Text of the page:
Just think - St. Catherine spent hours in silent appreciation and mystic union with God over a simple plant, which was probably just a pesky weed... but how many of us pause for even a moment to consciously thank God for a brilliant rainbow in the sky or for a breathtaking sunset (common sights in our islands)?  We were humbled and several expressed their amazement and appreciation over St. Catherine's story... and how, moving forward, we'd all make an effort to recognize God's presence and gifts in nature.

Fellowship and potluck after our prayer time.

Lastly, a personal highlight for me from this meeting was having two of my godsons present in one place, at the same time, which never happened before.  A friend finally decided to attend our prayer meeting after several invitations, and she bought her son - my godson - and her disabled mother with her.  They all seemed to enjoy the fellowship and the potluck dinner, and were deeply touched by the Holy Spirit, judging by the tears they shed during prayer time.  We enjoyed their company, as well.  Again, blessings upon blessings, not to be taken for granted.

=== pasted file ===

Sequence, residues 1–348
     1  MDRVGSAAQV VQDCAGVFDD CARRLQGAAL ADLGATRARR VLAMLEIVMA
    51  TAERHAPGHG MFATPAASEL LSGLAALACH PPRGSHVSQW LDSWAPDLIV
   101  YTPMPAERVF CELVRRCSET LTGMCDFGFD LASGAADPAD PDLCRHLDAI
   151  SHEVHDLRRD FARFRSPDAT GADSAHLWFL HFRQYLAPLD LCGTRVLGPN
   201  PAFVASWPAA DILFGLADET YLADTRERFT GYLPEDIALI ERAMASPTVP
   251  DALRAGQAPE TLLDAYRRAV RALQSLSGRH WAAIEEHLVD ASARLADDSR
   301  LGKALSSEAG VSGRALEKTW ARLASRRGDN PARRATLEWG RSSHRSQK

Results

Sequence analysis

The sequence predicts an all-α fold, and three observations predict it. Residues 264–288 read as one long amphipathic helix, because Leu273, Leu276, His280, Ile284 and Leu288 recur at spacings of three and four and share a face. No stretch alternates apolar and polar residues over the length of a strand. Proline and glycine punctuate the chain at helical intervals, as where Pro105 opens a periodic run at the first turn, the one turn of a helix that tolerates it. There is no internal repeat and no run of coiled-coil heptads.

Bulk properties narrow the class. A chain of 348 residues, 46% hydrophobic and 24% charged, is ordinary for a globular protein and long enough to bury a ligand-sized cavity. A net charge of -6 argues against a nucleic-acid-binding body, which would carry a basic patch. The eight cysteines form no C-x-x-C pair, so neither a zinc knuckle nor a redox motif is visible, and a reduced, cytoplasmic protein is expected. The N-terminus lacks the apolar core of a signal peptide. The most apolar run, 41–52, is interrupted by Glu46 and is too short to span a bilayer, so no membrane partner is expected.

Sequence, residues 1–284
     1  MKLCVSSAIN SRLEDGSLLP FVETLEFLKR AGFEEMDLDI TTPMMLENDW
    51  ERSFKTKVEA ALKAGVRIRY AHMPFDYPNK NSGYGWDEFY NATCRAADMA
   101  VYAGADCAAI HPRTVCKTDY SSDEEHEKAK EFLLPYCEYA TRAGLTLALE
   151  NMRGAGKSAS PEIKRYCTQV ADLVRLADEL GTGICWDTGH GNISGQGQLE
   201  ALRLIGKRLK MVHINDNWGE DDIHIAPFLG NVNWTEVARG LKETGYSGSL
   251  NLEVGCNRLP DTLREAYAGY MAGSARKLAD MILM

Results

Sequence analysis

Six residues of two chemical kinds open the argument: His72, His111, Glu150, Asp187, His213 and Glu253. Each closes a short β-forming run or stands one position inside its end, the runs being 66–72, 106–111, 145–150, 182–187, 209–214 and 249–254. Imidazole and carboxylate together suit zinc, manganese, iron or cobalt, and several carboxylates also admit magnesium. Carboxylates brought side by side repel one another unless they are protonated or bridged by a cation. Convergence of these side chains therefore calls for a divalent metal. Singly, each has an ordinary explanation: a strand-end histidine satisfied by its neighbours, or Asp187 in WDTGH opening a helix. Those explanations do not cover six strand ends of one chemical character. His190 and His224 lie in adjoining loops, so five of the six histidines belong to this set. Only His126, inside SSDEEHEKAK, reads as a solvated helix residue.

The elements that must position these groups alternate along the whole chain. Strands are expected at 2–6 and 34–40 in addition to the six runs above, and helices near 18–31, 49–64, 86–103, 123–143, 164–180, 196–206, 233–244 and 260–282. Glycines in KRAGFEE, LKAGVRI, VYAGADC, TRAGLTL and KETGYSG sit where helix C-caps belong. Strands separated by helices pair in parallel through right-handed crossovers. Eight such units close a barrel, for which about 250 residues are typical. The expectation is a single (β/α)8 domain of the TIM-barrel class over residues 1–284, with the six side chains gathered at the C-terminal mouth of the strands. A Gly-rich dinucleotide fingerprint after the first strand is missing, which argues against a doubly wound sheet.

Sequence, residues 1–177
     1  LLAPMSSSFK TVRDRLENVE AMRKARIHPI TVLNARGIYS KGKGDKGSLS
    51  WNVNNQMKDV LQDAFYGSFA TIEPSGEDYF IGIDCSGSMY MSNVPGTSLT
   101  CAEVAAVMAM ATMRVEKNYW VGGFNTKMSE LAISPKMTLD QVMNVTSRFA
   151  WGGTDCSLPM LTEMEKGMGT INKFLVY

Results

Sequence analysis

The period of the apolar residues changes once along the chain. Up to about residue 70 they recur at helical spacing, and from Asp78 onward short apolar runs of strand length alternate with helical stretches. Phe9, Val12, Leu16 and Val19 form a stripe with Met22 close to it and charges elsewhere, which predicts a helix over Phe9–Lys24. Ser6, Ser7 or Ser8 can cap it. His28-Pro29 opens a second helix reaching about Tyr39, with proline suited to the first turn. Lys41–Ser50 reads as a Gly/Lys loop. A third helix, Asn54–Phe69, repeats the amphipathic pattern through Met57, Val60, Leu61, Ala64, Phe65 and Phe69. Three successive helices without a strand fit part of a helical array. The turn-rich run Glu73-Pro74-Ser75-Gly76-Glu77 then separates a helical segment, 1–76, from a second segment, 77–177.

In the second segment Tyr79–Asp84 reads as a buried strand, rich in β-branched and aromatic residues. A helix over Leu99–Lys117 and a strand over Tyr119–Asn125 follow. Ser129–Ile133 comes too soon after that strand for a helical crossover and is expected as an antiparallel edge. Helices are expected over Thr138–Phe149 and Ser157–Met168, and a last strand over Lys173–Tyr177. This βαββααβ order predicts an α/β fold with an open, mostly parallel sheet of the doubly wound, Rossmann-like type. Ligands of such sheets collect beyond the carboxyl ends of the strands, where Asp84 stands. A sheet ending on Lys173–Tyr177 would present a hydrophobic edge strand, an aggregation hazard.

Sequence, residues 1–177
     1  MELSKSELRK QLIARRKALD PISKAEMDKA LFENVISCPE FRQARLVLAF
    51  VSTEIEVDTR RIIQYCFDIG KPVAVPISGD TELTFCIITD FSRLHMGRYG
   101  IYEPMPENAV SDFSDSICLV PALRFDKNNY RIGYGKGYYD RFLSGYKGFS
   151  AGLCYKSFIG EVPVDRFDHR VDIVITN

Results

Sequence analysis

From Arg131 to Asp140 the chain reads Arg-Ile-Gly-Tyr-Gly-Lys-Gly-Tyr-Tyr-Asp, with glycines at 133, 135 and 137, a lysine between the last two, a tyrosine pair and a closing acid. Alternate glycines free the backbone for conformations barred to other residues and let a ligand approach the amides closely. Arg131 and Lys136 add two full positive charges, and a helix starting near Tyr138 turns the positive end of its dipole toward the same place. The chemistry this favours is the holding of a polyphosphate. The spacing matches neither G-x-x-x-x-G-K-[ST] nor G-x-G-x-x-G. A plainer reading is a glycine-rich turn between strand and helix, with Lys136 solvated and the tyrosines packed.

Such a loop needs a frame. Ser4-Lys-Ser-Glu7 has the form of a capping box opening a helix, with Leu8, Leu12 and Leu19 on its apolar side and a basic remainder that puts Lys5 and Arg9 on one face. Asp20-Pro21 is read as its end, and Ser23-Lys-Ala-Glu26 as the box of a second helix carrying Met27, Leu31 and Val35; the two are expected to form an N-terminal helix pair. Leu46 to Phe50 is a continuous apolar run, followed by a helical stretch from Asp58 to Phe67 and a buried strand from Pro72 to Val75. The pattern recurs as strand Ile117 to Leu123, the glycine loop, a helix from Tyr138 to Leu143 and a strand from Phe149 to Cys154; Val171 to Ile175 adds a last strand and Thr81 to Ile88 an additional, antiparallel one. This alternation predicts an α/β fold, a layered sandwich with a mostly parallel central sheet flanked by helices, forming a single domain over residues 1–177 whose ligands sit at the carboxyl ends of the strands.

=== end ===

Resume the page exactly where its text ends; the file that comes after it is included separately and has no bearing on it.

Thank you, Lord.

Thursday, February 25, 2016

Monthly Messages from the Queen of Peace of Medjugorje: February 2016


Dear Children...

Our Lady's Monthly Message to the World on February 25th:
   "Dear children! In this time of grace, I am calling all of you to conversion. Little children, you love little and pray even less. You are lost and do not know what your goal is. Take the cross, look at Jesus and follow Him. He gives Himself to you to the death on the cross, because He loves you. Little children, I am calling you: return to prayer with the heart so as to find hope and the meaning of your existence, in prayer. I am with you and am praying for you.  Thank you for having responded to my call."

Our Lady's Special Message to Mirjana Dragicevic-Soldo on February 2nd: